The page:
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Newhouse shelter needs help as domestic violence calls surge

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Posted at 11:20 PM, Oct 01, 2020
and last updated 2020-10-02 00:52:23-04

KANSAS CITY, Mo. — As calls for help continue to increase during the COVID-19 pandemic, Newhouse Domestic Violence Shelter is over capacity, forcing the nonprofit to get creative in finding safe alternative housing at a time when they are also running low on funds.

But the shelter has become a cause celeb, quite literally, for one of television's most famous doctors.

Back in July, Phil McGraw, a 1968 Shawnee Mission North graduate better know as "Dr. Phil," and his wife Robin, heard about Newhouse's work and gave the organization a $15,000 donation through the When Georgia Smiled Foundation. The organization is named after Robin’s mother, a domestic violence survivor.

Newhouse used the funds to renovate its children’s center. The organization said it's the only shelter in Kansas City to have such a facility for children of survivors.

Newhouse Children's Center (before)
Newhouse Children's Center (after)

Now, the shelter has launched a campaign to "Save Our Shelter" and protect those who benefit from it, asking the community to match that grant given by the McGraws.

For many, like a domestic violence survivor who sat down with 41 Action News for an interview Thursday, Newhouse provides a legitimate lifeline.

“It wasn't easy, but I knew that if I didn't do it now I may not have another chance to get out,” the survivor, whose face and voice have been altered to protect her identity, said.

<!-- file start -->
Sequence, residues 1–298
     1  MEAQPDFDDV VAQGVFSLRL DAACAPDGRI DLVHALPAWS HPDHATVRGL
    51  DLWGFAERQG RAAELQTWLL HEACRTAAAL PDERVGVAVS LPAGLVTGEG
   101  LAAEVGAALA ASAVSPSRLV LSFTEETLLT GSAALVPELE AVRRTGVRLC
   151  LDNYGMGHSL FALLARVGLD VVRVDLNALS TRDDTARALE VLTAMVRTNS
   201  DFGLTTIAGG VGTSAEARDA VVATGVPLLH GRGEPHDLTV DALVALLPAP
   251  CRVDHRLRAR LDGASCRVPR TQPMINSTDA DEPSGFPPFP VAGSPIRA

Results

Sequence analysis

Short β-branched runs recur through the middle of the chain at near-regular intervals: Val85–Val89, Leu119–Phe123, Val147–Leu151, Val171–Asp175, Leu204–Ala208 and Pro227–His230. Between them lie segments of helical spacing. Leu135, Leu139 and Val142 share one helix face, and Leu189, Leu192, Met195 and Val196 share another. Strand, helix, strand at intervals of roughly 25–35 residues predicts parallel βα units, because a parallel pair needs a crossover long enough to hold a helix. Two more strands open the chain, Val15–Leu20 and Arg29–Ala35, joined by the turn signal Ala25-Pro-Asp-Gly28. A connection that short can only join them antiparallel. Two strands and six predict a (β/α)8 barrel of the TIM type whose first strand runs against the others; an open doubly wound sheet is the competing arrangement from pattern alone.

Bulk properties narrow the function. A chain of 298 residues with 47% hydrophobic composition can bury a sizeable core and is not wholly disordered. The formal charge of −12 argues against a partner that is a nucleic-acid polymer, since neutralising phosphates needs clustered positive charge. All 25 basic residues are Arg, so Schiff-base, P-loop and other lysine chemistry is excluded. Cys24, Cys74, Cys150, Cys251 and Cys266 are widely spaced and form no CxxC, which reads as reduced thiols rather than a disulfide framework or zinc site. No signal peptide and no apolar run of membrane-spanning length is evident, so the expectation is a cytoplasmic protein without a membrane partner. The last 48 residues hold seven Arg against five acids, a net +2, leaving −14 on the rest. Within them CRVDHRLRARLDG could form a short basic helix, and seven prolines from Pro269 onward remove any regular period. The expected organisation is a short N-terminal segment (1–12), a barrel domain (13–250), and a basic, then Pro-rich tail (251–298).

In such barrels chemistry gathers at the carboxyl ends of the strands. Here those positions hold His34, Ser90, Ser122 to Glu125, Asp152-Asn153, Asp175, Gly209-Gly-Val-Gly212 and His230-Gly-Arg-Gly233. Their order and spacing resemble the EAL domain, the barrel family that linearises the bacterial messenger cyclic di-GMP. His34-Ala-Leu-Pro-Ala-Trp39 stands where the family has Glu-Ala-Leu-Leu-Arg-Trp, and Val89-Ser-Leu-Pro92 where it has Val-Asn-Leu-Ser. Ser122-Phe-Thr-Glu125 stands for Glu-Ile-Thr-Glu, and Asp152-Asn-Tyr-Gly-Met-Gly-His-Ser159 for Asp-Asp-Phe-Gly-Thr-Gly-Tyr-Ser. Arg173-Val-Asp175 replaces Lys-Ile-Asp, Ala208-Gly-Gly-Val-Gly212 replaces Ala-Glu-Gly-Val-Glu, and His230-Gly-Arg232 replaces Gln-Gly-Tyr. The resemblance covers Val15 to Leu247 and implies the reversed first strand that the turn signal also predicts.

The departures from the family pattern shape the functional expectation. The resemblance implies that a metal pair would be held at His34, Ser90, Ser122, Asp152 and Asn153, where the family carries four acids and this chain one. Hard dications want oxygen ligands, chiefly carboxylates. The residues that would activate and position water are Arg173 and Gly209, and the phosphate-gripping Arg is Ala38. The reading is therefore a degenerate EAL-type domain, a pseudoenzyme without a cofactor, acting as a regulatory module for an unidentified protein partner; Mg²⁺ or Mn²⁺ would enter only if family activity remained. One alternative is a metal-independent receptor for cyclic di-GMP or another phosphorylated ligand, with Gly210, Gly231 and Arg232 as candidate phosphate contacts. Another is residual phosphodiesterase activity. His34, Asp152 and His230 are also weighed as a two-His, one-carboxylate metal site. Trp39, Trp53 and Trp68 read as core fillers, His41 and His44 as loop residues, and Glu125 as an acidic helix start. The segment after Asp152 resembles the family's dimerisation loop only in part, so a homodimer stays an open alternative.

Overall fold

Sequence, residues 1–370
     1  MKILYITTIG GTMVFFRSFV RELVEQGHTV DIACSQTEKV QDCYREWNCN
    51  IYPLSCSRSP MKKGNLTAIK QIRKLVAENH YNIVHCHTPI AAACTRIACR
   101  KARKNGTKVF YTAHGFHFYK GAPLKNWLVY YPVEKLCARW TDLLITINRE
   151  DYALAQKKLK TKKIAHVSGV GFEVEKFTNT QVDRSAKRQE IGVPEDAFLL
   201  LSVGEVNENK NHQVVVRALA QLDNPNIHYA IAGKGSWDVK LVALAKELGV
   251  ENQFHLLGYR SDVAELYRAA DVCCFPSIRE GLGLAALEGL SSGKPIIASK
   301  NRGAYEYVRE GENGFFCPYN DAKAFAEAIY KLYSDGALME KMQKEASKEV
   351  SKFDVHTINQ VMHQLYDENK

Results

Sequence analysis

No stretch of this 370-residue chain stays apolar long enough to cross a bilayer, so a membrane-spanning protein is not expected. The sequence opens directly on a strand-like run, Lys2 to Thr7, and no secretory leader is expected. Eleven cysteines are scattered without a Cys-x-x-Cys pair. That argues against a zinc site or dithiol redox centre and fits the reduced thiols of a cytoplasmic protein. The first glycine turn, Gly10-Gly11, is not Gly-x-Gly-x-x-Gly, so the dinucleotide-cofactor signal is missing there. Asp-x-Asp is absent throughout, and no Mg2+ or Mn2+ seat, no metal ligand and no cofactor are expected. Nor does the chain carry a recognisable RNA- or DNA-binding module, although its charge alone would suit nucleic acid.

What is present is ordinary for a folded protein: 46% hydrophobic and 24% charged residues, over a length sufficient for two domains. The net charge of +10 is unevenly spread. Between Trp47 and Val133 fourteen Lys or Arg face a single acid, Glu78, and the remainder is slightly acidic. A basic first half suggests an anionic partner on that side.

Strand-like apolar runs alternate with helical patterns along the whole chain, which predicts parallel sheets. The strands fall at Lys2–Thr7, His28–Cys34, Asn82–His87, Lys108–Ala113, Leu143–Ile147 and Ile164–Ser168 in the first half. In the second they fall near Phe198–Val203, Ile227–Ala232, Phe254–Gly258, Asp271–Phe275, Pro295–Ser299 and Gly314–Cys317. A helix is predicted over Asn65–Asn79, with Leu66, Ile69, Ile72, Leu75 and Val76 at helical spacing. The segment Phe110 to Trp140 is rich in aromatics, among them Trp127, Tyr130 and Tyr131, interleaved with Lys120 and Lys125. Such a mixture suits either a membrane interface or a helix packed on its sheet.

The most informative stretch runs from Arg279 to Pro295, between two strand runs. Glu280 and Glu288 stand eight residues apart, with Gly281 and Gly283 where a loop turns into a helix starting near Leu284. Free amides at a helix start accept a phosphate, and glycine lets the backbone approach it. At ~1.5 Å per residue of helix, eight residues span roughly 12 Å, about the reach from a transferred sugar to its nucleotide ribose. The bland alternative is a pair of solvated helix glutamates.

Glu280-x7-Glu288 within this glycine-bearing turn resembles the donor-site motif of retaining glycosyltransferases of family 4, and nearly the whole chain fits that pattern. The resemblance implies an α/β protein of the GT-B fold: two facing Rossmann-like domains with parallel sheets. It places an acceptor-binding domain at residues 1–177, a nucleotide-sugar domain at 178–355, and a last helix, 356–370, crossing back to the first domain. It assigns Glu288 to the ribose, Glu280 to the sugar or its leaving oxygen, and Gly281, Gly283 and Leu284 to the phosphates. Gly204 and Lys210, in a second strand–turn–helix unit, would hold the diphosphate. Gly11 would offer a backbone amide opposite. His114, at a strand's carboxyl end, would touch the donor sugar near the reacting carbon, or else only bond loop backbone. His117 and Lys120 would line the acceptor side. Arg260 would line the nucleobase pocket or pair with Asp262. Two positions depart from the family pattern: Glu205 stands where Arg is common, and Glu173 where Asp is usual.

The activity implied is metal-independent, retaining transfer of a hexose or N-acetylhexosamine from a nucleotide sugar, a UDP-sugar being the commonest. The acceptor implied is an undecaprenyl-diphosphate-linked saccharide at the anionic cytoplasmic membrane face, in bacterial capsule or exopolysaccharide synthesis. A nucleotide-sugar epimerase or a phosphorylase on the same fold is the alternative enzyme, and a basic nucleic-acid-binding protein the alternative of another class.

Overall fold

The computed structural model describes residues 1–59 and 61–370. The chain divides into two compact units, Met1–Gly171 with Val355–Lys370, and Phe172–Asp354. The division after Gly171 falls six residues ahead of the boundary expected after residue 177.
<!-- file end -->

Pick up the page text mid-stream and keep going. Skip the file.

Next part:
Other than a few packed bags, the survivor said she had no plans after fleeing for safety, but she said making the decision to leave gave her more empowerment than fear.

“Making that call is very courageous in itself,” Ondria Thornton, an adult therapist at Newhouse, said, "and just knowing that the person on the other side, we are here to support we are here to help you."

Thornton said it can be scary leaving an abusive environment, because of how familiar that situation feels.

“How many people are just like me and kept their mouth shut because they're scared and they don't know what to do and they don't know how to get help," the survivor said.

But it had gotten to the point where leaving or staying had become a matter of life and possibly death.

“You think this time it'll be different and it starts all over again, and then I started getting threats of how he was going to kill me, the five different ways of how he was going to make it look like suicide or an accident because I'm so dumb that people would believe it," the survivor said.

Now, she said she finds strength and courage through her children.

"I know my kids need a mom and they need me to be strong and step up and move myself into a situation that we all deserve," the survivor said.

Imagine agonizing for years over whether to leave an abusive relationship only to discover there are no beds available at a shelter when you tried to leave.

“I called a couple (other) shelters and they were full," the survivor said. "It wasn't until I got together with Courtney that she said we are full and my heart instantly sank. I'm like, 'Here we go again,' but she said we have the funding to help you out and get you a safe place to stay."

Domestic violence calls are up nearly 30% since the pandemic began, which quickly depleted funding and bed space at Newhouse.

That's where the Save Our Shelter, or SOS, campaign comes in for Newhouse.

When Georgia Smiled

Newhouse has a 24/7 Domestic Violence Hotline available at 816-471-5800 for anyone in need of help to escape an abusive situation.

The shelter also provides outreach services for those in the community.

Newhouse also accepts donations of hygiene items, clothing, money and time.